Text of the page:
Endodontics (from the Greek endo "inside"; and odons "tooth") is the treatment of problems associated with the tissues surrounding the root of a tooth. Teeth are attached firmly to the jaws by their roots. Front teeth normally have one root, while the back teeth have more roots.

The core of each tooth contains a soft mass of tissue called the pulp. In a healthy tooth, the pulp contains nerves, arterioles, venules, lymphatic tissue, and fibrous tissue extending into the root(s) through the root canal(s).

Decay and/or injury can destroy the living pulp. There is a lack of adequate blood supply in a dead pulp and as a result, it becomes more prone to infection, leading to abscess and toothache. When the pulp becomes diseased or injured, endodontic treatment is essential to save the tooth.

Root Canal Treatment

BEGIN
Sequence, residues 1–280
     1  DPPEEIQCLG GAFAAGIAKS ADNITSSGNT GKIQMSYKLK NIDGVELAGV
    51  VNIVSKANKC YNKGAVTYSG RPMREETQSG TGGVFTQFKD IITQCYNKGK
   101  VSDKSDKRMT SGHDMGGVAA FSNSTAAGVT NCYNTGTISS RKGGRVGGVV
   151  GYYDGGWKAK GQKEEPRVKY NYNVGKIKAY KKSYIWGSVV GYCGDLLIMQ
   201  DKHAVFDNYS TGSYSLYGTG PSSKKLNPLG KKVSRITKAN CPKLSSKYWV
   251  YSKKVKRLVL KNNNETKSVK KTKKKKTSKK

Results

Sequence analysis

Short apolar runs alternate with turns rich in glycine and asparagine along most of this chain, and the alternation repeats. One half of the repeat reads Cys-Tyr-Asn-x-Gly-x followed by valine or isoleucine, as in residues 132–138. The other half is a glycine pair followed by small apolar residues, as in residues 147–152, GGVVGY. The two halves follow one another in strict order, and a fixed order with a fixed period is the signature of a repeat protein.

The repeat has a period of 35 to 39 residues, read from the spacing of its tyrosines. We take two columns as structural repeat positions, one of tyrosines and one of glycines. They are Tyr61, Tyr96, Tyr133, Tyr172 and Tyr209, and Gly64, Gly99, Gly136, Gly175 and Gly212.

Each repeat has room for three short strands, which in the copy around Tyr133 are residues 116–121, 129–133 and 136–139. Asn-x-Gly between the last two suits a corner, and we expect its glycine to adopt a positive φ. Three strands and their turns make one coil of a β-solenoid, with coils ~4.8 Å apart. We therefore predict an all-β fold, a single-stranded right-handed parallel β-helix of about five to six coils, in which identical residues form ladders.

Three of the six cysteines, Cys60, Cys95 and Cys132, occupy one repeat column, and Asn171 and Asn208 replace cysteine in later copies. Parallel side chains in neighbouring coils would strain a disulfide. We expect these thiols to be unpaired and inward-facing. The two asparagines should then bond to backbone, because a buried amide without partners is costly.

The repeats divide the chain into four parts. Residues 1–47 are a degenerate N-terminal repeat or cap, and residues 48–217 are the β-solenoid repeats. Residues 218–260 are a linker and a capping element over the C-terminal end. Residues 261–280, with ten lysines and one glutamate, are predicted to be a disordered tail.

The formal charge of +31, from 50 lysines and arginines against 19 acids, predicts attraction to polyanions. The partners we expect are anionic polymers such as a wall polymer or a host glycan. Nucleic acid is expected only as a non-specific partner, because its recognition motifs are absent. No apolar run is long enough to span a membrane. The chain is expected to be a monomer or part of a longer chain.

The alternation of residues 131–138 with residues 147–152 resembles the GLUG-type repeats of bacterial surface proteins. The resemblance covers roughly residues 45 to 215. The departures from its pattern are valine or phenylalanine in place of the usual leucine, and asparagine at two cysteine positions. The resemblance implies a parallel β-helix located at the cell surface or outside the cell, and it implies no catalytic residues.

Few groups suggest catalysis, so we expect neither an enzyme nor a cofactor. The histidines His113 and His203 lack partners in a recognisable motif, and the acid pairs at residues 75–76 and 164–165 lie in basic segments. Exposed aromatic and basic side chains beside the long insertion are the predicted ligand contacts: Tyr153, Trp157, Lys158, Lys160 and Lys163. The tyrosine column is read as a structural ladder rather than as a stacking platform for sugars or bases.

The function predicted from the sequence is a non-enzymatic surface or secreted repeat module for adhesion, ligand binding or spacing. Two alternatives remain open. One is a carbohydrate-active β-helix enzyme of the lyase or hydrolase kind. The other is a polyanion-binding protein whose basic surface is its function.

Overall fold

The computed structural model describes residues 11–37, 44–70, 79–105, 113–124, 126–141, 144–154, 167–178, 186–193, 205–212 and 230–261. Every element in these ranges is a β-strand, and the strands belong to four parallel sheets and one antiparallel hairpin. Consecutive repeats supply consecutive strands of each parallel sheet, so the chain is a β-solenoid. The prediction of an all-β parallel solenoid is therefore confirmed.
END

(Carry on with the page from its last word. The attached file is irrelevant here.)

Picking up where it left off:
Root canal is one of the most common procedures in endodontics.

Root canal treatment (also known as root filling) involves removing the damaged or dead pulp and filling the resultant space left. The remaining tooth will then be repaired. A local anaesthetic is given and an opening is made through the top of the tooth down to the pulp. The dead pulp is then removed from the core of the tooth and root canals by means of narrow files. The cavity remaining on the top of the tooth is then filled and if necessary, a crown is placed on top of the tooth.

If root canal treatment and filling are not done, the affected tooth might have to be eventually removed. The infection might also spread beyond the tooth itself. Root canal treatments and fillings last for several years. However if infection recurs, re-treatment can be done.

If there is persistent inflammation of the root, it can be cured by performing a procedure called ‘apicectomy’. Apicectomy is a surgery which is carried out to remove part of the affected root, clean the area and put in a filling.

Conservative Dentistry



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